DC of bottom layer and emulsion layer is similar (difference in dielectric constant between top layer and emulsion layer > 10). In this case the interface level as reported by the transmitter will be the top of the emulsion layer.
There is a linear transition in DC from the bottom to the top of the emulsion layer. In this case it is hard to predict where the reported interface level is. If the linear transition is over a long distance there is a risk that no interface echo is reflected back to the transmitter since the reflecting pulse is created when there is a distinct change in DC. If a linear oil water interface is very thin (< 10 cm) the transmitter would probably give a good signal from the interface since the emulsion is so thin and the difference in dielectrics between oil and water is large. It is difficult to say though where the transmitter will report the interface level. It can report the top of, the bottom of, or somewhere within, the emulsion layer.
Will the Guided Wave Radar see sand in the bottom of a vessel?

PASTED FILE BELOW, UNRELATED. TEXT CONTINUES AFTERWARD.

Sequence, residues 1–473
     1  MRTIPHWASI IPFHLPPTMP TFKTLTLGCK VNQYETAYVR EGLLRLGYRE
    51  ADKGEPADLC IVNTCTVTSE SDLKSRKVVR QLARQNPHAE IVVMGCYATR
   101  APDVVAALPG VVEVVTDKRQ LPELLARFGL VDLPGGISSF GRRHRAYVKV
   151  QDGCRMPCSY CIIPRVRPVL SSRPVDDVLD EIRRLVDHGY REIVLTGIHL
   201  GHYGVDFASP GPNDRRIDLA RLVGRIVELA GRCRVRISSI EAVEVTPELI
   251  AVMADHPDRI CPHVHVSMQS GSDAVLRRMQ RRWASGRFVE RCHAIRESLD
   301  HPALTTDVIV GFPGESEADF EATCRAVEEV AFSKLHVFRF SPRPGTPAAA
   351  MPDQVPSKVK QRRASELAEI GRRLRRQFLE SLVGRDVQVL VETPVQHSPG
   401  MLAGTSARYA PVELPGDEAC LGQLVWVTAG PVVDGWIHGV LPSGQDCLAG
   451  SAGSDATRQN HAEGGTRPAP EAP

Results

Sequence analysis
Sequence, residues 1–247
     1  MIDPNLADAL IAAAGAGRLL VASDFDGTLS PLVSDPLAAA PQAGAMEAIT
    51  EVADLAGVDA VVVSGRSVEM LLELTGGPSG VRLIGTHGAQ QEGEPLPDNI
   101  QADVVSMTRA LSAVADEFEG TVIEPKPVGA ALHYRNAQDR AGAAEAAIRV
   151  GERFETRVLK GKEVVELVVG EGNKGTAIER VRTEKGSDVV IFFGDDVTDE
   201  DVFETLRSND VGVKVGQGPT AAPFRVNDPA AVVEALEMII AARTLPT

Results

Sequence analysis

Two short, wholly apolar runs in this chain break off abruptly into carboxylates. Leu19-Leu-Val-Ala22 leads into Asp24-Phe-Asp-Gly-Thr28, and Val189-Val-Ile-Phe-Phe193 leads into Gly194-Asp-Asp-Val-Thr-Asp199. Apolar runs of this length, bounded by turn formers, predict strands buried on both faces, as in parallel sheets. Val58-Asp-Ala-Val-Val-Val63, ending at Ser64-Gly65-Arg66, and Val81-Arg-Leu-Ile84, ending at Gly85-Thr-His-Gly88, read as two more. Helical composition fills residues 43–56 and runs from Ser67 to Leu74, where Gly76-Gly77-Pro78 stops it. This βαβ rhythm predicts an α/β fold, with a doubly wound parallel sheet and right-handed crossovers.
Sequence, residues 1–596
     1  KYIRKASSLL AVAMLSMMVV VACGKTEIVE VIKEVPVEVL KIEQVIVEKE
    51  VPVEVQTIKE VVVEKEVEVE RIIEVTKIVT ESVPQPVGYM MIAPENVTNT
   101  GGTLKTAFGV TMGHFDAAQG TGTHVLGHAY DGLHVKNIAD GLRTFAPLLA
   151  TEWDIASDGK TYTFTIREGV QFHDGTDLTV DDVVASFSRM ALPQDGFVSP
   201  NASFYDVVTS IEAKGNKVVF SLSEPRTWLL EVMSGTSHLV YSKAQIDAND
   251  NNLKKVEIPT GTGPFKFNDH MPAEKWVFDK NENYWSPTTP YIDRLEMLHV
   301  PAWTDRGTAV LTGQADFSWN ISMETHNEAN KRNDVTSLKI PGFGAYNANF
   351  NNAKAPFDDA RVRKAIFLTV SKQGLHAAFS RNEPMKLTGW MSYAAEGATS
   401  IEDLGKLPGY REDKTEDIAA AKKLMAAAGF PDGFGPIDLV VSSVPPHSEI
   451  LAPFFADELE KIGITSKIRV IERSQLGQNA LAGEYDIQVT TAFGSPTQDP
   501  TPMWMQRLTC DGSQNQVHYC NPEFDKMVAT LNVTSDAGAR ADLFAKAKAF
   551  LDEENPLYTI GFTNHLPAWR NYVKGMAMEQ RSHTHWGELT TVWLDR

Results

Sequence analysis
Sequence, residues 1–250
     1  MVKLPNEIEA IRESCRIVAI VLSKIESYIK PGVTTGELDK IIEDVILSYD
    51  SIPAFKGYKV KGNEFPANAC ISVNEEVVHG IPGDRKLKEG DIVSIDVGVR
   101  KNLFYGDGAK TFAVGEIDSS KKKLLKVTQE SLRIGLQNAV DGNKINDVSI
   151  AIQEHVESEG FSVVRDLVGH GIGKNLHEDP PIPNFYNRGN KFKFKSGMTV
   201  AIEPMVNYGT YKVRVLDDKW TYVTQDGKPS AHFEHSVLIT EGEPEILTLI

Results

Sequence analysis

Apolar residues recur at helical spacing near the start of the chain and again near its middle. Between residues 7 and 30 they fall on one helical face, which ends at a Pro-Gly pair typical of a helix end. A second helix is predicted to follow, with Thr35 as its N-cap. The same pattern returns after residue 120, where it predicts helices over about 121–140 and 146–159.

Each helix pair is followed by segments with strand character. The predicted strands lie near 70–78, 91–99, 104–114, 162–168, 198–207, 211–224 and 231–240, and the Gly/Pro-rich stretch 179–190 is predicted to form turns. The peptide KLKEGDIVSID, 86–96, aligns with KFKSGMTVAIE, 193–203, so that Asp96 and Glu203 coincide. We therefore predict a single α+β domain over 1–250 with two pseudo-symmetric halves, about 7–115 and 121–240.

No. Since the sand will be embedded in water which is a high dielectric media (DC~80) the transmitter will only see the water. The same is true for all media that are embedded in water.
Is there any inactive part of the probe?
The active measuring range is reduced by the upper and lower dead zones. The upper dead zone is the minimum distance from the reference point to the product surface. The measuring range is also reduced in the end of the probe by the lower dead zone. How large the upper and lower dead zones are depend on probe type and the dielectric constant of the measured media.
How close to the tank wall can the probe be mounted?
Like the nozzle the tank wall can also affect the measurement through disturbance echoes. The minimum distance to the tank wall is the same as the distance to any disturbing object that may be present in the tank. If there are obstacles present in the tank the coaxial probe is the best probe to use. If the tank wall is metallic and smooth the probe can be mounted closer to the wall.
What are the special considerations when measuring ammonia?
Tanks with anhydrous ammonia have a heavy vapor above the surface that attenuates the signal from the radar transmitter. A higher pressure in the tank will cause a more attenuated signal. A special formula is therefore used to evaluate what the maximum measuring range is in anhydrous ammonia as a function of the pressure in the tank: